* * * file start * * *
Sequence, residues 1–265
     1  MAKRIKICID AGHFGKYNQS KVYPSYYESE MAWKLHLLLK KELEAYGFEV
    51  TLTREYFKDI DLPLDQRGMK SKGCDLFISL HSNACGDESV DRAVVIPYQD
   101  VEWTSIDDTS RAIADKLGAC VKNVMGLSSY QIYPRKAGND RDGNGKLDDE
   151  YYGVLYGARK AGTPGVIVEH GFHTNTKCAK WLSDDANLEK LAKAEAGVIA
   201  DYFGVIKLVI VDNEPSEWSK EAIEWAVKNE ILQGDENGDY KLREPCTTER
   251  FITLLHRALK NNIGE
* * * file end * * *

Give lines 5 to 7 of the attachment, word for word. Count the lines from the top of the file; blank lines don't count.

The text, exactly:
   151  YYGVLYGARK AGTPGVIVEH GFHTNTKCAK WLSDDANLEK LAKAEAGVIA
   201  DYFGVIKLVI VDNEPSEWSK EAIEWAVKNE ILQGDENGDY KLREPCTTER
   251  FITLLHRALK NNIGE